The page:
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This weekend marked the official start of media personality Basil Zempilas’ tilt to become Perth’s Lord Mayor. So what is actually happening with the mayoral race and who is contending?

Why is the race such a big deal?

The upcoming City of Perth elections are the first time that local ratepayers will have a say in who runs the council since councillors were suspended in March 2018. The suspension followed years of disfunction. An state government inquiry concluded in June found that some former councillors and council staff “engaged in improper and unethical conduct”, while former Lord Mayor Lisa Scaffidi “too often encouraged division and factionalism”. Since the suspension, the council has been run by three administrators appointed by local government minister David Templeman. All nine positions on council are up for grabs on October 17, including the Lord Mayoralty.

Why is the Lord Mayoralty so important?

The answer to that is simple: it is a very prestigious title. There are only eight Lord Mayors across Australia, one for each capital city. While only technically representing the City of Perth council, the Lord Mayor often represents the entire city, both nationally and internationally. This makes it by far the most high profile local government position in Western Australia.

From L-R: Basil Zempilas, Tim Schwass, Di Bain and Mark Gibson

Di Bain

The first of the four candidates to put their hand up, Di Bain is perhaps best known for her time as an ABC journalist between 2001 and 2012. Until last year, she ran her own media and marketing agency, Bain Media. The company helped run campaigns for major clients including Fortescue Metals and the WA Day public holiday. She currently serves on the boards of Tourism Western Australia, Perth Zoo and is the chair of Activate Perth, an organisation which seeks to revitalise the Perth CBD. Ms Bain is campaigning on a platform of “city revitalisation”, an increased focus on tourism and the arts, sustainability and addressing homelessness in the city. It is not the first time she has put her hand up for council, having run unsuccessfully in 2017.

Tim Schwass

The only declared candidate who does not have a media background, Tim Schwass is a recently retired magistrate. For 30 years, Mr Schwass served on the Children’s Court. Prior to that, he spent ten years as a lawyer for the Welfare Department and two years working in Broome for the Legal Aid Commission. He is campaigning on a platform of restoring public faith in the council, addressing homelessness and solving transport issues. Like at least half of the confirmed candidates, Mr Schwass lives outside of the City of Perth local government area. However, he claims that he will relocate from Nedlands to East Perth if his Lord Mayoral run is successful.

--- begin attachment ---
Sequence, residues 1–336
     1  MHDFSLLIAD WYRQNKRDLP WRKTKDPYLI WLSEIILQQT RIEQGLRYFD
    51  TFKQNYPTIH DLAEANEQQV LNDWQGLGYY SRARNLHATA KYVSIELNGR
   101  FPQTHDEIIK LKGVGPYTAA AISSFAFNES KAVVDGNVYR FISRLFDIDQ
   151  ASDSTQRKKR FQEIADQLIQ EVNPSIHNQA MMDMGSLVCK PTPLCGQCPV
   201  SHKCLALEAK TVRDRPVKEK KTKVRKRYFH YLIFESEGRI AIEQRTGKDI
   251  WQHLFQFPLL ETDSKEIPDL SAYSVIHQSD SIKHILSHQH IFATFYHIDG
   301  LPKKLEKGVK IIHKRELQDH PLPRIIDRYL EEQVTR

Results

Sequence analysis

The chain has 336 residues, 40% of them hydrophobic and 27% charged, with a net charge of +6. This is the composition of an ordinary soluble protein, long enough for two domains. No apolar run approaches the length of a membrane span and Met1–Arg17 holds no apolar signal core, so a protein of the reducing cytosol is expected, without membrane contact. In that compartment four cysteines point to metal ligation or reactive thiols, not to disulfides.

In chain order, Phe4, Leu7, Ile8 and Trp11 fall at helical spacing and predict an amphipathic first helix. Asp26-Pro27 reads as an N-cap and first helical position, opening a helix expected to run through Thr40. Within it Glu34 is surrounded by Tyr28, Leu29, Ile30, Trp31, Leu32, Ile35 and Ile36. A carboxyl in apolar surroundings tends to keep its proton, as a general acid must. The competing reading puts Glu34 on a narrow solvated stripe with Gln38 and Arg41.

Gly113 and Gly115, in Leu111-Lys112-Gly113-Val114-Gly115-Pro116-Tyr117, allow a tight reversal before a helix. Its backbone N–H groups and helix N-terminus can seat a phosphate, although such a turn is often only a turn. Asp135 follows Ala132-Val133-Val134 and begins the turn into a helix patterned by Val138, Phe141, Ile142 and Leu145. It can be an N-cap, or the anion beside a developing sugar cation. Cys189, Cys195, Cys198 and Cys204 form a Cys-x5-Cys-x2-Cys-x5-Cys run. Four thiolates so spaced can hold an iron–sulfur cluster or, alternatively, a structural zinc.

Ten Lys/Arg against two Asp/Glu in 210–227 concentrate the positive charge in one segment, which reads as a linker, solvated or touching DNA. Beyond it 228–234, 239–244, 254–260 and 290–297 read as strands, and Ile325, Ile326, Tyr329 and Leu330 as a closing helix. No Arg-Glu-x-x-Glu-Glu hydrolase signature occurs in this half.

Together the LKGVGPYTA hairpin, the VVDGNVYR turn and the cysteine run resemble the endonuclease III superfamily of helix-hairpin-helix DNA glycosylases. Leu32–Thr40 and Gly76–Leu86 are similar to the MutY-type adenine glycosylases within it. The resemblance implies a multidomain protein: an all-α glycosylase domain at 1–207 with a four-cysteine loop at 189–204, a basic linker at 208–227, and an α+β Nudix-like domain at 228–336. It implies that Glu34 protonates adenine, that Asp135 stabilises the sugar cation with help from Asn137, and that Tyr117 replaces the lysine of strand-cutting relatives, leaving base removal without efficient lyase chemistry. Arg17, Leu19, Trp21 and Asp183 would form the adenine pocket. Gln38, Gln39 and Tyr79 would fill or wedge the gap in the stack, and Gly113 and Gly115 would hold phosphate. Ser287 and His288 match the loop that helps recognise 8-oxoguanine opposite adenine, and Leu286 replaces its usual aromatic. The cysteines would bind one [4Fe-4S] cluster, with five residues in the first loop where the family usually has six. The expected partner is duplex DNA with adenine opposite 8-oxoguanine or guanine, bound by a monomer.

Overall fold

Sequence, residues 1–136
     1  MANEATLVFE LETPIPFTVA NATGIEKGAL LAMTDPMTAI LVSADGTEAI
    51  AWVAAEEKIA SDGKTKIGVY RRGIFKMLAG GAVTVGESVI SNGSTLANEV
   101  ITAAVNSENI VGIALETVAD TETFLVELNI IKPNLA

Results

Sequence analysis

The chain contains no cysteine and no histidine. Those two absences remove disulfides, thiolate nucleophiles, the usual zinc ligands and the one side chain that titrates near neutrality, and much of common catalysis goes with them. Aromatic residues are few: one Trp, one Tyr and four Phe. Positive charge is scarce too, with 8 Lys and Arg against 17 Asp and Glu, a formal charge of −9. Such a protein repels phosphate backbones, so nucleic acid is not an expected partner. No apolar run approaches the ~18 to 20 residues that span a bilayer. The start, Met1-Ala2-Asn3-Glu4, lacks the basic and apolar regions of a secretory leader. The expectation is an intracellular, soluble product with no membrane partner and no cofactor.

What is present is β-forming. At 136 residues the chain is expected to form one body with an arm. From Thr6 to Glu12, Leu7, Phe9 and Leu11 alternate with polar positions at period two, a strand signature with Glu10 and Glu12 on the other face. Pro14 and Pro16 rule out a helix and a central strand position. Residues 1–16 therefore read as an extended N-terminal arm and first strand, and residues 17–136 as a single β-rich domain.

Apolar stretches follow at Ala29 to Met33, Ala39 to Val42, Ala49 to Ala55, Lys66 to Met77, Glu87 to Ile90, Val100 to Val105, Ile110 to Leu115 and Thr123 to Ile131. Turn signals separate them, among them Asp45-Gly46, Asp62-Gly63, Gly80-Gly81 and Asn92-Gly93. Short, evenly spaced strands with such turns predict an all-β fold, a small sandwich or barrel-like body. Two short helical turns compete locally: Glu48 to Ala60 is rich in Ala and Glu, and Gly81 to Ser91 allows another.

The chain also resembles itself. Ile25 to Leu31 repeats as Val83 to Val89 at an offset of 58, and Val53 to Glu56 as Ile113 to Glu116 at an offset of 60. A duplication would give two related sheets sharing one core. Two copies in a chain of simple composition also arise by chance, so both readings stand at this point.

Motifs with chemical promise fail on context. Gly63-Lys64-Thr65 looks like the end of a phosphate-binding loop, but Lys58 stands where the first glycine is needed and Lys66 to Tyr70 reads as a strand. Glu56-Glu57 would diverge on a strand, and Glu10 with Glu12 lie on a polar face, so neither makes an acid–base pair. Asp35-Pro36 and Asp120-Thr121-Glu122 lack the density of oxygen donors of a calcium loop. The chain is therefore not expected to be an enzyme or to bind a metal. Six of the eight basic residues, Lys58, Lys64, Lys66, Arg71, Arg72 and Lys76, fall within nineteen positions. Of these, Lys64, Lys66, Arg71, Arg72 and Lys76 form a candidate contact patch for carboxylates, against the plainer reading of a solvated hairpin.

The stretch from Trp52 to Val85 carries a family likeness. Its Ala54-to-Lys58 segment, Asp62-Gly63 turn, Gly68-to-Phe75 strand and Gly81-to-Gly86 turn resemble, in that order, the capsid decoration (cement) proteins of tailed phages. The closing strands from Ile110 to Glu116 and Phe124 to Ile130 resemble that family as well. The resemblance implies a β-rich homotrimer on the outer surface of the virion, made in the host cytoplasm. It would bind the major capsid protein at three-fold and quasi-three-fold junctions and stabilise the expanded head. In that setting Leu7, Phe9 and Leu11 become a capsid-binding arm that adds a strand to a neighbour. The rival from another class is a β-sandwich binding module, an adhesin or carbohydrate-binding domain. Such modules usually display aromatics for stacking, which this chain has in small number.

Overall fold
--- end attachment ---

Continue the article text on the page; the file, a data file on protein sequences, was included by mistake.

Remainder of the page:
Mark Gibson

The most high profile declared candidate until this weekend, Mark Gibson is no stranger to the spotlight, becoming a household name in Perth during his 19-year stint at Channel Seven. When the Today Tonight current affairs program was axed late last year, he moved to radio, and currently hosts a weekend program on talkback station 6PR. Mr Gibson claims that he is the only candidate who actually lives within the City of Perth, though The Bunbury Bulletin has been unable to independently verify that claim. He is campaigning on a policy platform of ”city revitalisation”, including redeveloping Langley Park and a cablecar from Elizabeth Quay to Kings Park. As for conflicts of interest with his media career, Mr Gibson has claimed he would quit his job, conducting the Lord Mayoralty full time.

Basil Zempilas

The man who has likely catapulted his way to the front runner position, Basil Zempilas had been publicly canvassing running for six months before his official announcement on Saturday. Perhaps WA’s most well known media personality, he currently works as a sports presenter for Channel Seven and co-hosts 6PR’s breakfast program. Mr Zempilas is campaigning on a platform of cutting red tape, addressing homelessness and “city revitalisation“. Despite his high profile, questions have been raised about whether he is suited to the position, along with his desire to keep his media roles during his Lord Mayoralty. He has recently moved from West Perth to Floreat, which may further complicate his run.

So what now?

It is now a waiting game to see whether more candidates come forward. Nominations do not officially close until September 10, so there is still some time for other prospective candidates to make the decision to run. Additionally, with nominations not opening until September 3, there is the chance of a candidate dropping out of the race. Either way, the City of Perth elections are shaping up to be one of the most interesting in recent history.

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